Anastomotic Leakage Following Low Anterior Resection of Rectal Cancer Considering the Role of Protective Stoma


M Mozafar 1 , M R Sobhiyeh 1 , M Heibatollahi 2 , *

1 Department of Surgery, Shahid Beheshti University (MC), Shohada hospital, Iran

2 Cancer Research Center, Shahid Beheshti University (MC), Iran

How to Cite: Mozafar M, Sobhiyeh M R, Heibatollahi M. Anastomotic Leakage Following Low Anterior Resection of Rectal Cancer Considering the Role of Protective Stoma , Int J Cancer Manag. 2009 ; 2(1):e80501.


International Journal of Cancer Management: 2 (1); e80501
Published Online: March 30, 2009
Article Type: Research Article
Received: March 30, 2009
Accepted: March 30, 2009


Background and aims: Probable risk factors of clinical anastomotic leakage and the role of defunctioning stoma in patients undergoing low anterior resection (LAR) for rectal cancer, is still controversial. The goal of our study was to find out possible risk factors of anastomotic leakage and to locate the influence of protective stoma in the rate of anastomotic leakage.

Materials and methods: In this retrospective study, 44 patients underwent LAR with total mesorectal excision (TME) during the period from 2001 to 2006 were analyzed. From these 44 patients 24 were treated with protective stoma while 20 were not.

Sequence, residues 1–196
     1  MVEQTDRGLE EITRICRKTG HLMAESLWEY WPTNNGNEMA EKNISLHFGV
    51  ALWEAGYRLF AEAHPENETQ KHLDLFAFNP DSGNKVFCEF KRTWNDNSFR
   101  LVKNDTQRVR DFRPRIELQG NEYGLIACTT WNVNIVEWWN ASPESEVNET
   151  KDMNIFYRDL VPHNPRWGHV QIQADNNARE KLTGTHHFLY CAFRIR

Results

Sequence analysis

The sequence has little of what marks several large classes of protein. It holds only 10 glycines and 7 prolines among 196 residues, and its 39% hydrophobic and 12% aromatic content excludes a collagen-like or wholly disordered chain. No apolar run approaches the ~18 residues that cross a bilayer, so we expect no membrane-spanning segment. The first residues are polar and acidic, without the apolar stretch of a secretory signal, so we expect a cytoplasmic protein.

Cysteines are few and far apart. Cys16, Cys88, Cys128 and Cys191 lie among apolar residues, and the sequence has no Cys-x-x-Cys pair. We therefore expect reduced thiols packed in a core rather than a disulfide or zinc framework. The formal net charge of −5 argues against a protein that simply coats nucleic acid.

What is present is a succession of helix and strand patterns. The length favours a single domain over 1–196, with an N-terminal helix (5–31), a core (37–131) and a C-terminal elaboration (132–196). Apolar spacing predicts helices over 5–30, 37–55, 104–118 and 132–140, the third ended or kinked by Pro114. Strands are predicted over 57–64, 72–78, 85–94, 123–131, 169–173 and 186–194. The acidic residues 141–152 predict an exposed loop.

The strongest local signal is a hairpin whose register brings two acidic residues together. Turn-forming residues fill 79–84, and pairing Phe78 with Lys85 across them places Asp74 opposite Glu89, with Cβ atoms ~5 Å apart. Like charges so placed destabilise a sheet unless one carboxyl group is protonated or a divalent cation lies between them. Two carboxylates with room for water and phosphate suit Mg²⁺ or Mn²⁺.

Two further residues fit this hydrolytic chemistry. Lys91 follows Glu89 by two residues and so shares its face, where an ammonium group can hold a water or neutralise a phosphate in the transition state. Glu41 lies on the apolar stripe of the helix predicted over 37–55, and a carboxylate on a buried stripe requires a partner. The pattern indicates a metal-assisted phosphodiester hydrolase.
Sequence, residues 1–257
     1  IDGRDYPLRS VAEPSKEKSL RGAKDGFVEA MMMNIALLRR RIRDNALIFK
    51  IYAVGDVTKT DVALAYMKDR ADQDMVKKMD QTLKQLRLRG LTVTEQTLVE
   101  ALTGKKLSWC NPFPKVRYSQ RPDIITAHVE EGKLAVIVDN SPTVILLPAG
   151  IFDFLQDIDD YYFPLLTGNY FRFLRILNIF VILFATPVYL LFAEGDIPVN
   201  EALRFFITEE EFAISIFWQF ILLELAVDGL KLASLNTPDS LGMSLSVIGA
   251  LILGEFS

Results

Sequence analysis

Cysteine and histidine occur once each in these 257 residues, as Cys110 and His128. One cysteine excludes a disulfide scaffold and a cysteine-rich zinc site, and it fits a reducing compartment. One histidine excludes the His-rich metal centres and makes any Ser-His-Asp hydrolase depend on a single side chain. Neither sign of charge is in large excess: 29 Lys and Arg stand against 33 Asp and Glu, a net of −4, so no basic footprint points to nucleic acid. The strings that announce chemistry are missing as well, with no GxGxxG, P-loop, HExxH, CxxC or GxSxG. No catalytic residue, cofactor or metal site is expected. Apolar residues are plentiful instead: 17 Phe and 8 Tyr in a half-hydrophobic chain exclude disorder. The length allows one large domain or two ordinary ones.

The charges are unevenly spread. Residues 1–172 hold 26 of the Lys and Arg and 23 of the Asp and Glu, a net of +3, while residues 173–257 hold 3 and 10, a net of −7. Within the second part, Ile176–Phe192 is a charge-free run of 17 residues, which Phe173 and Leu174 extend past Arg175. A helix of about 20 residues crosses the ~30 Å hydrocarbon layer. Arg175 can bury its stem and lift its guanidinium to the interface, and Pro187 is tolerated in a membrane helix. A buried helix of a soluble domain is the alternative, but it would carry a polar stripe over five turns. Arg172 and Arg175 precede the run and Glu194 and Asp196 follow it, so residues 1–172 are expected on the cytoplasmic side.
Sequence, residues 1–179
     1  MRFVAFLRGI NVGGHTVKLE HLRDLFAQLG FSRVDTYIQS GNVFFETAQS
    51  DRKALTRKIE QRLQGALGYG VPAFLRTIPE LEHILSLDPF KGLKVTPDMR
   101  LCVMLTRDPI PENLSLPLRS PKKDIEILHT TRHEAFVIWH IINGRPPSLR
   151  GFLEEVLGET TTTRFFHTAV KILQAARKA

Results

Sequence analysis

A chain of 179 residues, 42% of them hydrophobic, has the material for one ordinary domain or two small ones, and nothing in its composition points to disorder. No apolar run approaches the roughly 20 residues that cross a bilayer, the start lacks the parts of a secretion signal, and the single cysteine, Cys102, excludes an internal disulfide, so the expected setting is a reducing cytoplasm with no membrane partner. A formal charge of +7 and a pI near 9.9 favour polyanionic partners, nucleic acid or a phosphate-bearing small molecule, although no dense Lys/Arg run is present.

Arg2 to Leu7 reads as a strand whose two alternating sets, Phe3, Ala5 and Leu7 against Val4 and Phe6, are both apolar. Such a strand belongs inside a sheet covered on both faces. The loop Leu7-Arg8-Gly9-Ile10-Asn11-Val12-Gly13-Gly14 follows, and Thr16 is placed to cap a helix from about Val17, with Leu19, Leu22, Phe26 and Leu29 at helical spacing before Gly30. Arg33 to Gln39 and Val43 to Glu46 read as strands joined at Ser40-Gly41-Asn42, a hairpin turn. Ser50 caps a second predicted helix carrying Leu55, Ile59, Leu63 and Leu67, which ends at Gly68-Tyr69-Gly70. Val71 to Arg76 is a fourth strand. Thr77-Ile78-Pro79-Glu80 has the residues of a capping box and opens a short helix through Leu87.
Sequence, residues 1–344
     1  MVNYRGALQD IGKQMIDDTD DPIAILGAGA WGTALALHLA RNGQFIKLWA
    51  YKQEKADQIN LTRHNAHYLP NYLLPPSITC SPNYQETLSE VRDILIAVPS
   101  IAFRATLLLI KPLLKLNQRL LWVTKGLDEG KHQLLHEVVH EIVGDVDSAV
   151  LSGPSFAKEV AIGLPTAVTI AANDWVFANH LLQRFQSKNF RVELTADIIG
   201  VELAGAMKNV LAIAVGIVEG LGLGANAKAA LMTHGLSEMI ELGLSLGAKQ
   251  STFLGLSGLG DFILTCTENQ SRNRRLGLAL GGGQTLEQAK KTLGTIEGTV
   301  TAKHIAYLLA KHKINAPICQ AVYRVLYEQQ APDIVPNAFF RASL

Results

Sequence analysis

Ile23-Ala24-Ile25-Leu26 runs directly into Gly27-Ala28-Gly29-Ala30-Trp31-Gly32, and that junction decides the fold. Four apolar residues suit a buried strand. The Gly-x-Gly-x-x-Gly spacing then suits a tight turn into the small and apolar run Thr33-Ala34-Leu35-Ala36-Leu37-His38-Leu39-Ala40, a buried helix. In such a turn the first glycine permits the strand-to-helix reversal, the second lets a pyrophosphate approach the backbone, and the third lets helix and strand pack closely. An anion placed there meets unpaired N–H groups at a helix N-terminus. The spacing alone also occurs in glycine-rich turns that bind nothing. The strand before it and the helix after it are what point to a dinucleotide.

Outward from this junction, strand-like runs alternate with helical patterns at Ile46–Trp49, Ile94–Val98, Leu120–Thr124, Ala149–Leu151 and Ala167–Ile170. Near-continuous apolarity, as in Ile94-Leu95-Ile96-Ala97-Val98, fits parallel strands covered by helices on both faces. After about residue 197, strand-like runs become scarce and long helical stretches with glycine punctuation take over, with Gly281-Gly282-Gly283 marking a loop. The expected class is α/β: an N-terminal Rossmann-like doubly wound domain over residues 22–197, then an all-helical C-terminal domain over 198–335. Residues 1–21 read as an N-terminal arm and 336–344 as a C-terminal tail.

Results: Overall anastomotic leakage rate was similar among patients with and without protective stoma (odds ratio=0.51, P=0.2357). Male gender, Low anastomosis, Coronery Artery Disease, preoperative radiotherapy, and smoking were great risk factors for developing anastomotic leakage. We did not find any differences between handsewn and stapled anastomosis (odds ratio=0.6).

Conclusion: protective stoma will be helpful depending on surgeon experiences and is not recommended for all the patients routinely. Beside this, male gender, low anastomosis, coronary artery disease, preoperative radiotherapy, and smoking are the major risk factors of anastomotic leakage.


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